I should have called her before now. What if something’s happened to her?
“It’s been awhile, why? Is something wrong?” he finally got out.
“She’s all right. Well, mostly all right. I got a call from Sheriff Fairweather,” she began.
“The sheriff called you?” Alarm tinted his voice.
“I asked Georgia to give me a call if Grandmother Sophia had any troubles,” she quickly explained.
“You have the sheriff reporting to you, too? And on a first name basis! You have the credit card companies and now a sheriff in your back pocket, it’s the beginning an empire!” he teased her even as he felt anxiety about what the sheriff had thought troubling enough to call Tessa about. He pulled at a piece of grass and stuck the end of it in his mouth, relishing the almost sweet taste of the grass’ green juice.
“You jest, but …” Her voice took on a serious notes. “I’ve been concerned about Grandmother Sophia. She’s been forgetting things.”
“She’s seventy-four. I’m pretty sure that she’s forgotten more things than the two of us know together,” he said lightly, but his memory prodded him about how Grandmother Sophia had been the last time he’d called her. She’d repeated a story a few times about going to the store and finding this certain marmalade she’d had in her youth. He had put it down to simple excitement at finding something she’d missed, but maybe that wasn’t the case. Maybe she didn’t remember she had told the story at all.
“I know, but she left a pot on the stove. The fire department had to be called,” Tessa explained. “That’s what Georgia was worried about. She said that Grandmother Sophia was upset and confused --”
“Who wouldn’t be? That’s frightening!”
“More upset and confused than would be normal,” Tessa corrected gently.
Jude felt a deep desire to raise up more objections. Grandmother Sophia couldn’t be getting Alzheimer's. That’s what Tessa was suggesting. He wanted to shout that Grandmother Sophia was fine. She was always fine. She had to be always fine. But he swallowed back the grief of a child. If something was happening to his foster mother, he had to know, not hide in the dark from it like a child.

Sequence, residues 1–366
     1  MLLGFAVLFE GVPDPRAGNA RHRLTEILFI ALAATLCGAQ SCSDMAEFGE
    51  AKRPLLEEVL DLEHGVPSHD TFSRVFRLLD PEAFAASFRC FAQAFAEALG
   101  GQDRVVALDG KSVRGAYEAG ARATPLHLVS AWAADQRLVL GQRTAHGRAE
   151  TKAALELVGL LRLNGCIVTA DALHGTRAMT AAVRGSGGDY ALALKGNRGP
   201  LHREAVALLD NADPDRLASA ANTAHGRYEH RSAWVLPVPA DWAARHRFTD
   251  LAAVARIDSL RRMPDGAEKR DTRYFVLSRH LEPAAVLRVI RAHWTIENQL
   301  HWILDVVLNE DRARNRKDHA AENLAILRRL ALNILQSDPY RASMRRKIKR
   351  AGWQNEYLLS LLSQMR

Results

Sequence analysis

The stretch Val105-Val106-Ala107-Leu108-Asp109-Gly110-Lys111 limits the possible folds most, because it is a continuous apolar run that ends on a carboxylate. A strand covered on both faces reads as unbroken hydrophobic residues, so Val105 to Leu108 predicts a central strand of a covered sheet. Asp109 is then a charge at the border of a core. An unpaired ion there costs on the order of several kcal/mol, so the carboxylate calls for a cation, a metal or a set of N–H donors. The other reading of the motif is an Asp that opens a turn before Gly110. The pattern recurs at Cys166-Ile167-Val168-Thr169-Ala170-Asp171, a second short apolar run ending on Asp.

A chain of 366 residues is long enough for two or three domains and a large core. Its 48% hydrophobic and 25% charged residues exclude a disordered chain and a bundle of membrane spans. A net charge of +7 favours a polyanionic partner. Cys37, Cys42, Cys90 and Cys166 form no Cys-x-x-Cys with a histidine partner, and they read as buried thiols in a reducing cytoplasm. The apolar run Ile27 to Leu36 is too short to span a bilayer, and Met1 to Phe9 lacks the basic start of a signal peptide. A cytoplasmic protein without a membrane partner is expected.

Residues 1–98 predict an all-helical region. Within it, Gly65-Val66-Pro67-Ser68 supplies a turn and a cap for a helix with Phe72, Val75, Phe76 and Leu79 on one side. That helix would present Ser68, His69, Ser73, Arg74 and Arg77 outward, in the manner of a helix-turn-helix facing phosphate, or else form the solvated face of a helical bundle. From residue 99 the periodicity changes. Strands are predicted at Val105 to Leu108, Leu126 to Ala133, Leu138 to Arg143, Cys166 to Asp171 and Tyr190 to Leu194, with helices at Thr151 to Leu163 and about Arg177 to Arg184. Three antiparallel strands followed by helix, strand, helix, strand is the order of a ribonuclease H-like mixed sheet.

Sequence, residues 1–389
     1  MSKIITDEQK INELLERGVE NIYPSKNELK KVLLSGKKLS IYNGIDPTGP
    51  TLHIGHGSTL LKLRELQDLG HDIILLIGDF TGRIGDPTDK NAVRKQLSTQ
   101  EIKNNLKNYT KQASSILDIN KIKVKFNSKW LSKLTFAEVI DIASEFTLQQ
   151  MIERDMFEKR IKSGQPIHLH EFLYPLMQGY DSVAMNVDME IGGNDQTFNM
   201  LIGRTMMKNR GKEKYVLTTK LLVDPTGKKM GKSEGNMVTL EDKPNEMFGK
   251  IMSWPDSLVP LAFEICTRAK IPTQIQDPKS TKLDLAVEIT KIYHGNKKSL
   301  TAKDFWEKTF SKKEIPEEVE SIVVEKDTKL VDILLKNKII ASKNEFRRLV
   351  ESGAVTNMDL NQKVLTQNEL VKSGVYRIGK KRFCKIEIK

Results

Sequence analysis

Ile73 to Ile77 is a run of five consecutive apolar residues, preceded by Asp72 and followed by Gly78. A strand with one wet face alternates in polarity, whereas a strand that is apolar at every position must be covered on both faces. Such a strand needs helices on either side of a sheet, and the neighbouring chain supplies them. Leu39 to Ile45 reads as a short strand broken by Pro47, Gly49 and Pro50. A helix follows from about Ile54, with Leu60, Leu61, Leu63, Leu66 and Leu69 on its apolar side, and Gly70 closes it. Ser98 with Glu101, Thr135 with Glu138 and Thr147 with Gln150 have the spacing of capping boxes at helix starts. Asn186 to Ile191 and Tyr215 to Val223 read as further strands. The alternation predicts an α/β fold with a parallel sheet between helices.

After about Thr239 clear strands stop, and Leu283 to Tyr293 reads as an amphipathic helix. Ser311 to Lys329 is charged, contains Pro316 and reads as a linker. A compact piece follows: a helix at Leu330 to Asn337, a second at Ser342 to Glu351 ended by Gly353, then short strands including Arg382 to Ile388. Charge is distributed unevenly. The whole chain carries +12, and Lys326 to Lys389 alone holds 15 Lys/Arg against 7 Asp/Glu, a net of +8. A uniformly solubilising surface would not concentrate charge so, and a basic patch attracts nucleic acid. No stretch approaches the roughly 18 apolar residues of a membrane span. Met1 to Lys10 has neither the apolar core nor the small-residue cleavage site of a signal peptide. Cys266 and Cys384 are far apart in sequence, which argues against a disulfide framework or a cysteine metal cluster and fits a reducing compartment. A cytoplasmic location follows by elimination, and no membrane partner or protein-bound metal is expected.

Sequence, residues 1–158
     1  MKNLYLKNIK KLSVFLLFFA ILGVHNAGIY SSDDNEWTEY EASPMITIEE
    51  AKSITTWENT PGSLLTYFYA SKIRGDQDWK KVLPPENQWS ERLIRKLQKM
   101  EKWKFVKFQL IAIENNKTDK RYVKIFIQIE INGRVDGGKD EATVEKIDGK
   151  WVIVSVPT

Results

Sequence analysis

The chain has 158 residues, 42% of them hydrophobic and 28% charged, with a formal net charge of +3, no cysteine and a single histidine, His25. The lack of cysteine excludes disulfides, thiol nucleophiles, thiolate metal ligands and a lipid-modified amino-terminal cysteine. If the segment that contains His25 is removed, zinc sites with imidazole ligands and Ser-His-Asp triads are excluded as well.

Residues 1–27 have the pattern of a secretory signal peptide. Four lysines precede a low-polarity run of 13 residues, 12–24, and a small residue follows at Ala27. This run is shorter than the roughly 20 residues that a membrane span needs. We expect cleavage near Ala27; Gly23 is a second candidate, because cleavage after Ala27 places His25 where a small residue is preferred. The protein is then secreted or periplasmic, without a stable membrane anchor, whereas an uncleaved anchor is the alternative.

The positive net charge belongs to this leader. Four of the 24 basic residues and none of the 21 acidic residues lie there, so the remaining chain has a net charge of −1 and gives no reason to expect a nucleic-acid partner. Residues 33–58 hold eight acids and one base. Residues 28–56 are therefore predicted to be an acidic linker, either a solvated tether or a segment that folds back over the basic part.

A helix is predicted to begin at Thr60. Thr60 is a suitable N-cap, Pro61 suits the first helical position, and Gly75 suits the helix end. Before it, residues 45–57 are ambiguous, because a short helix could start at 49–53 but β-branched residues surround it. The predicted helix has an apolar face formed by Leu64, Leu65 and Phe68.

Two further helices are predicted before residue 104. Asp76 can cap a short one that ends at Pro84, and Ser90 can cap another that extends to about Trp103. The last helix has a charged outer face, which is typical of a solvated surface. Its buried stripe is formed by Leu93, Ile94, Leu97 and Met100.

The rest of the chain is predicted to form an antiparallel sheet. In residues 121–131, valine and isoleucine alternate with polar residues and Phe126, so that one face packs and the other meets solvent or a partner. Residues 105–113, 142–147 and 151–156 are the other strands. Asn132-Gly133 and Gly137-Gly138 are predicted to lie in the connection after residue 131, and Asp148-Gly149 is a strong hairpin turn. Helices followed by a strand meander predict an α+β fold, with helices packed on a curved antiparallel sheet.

“You’re thinking that it’s more than just normal memory loss,” he said, unable to say the name of the disease.
“Yes, though she won’t go to the doctor to confirm anything …” Tessa let that sentence hang.
“I’m not that far away from her,” Jude suddenly said. “Just three hours away. I can stop in. Stay for awhile. Check things out.”
Tessa let out a relieved breath. “I was hoping you would say that!”
“Of course. I would do anything for her,” he said, slightly hurt that she evidently had worried he wouldn’t go and check on the woman that had saved both their lives.
“I know you would. It’s just not going to be an easy thing. You know how she is,” Tessa reminded him unnecessarily. “She’s a firecracker at the best of times and so fierce about her independence … but I think she knows that something’s wrong. She’s sure to be defensive, Jude.”
“Yeah, you’re right,” he agreed, running a hand threw his dark brown hair. “I’ll find out if there’s anything to really worry about, Tess. I promise.”
His foster sister let out a laugh. “I knew I could count on you, Jude.”
They hung up and Jude stood. He quickly packed up everything in his saddlebags. Unlike Merv, he made sure to clean up his trash as well. He’d dump it at the next town. He would leave this place as pristine as he found it.
As he mounted the motorcycle, his gaze strayed to the woods. For one moment he remembered the experience of running through the trees on four paws and a pair of golden eyes. The motorcycle roared to life beneath him and he pulled onto the highway somehow feeling less lonely and more hopeful than he had in a long time.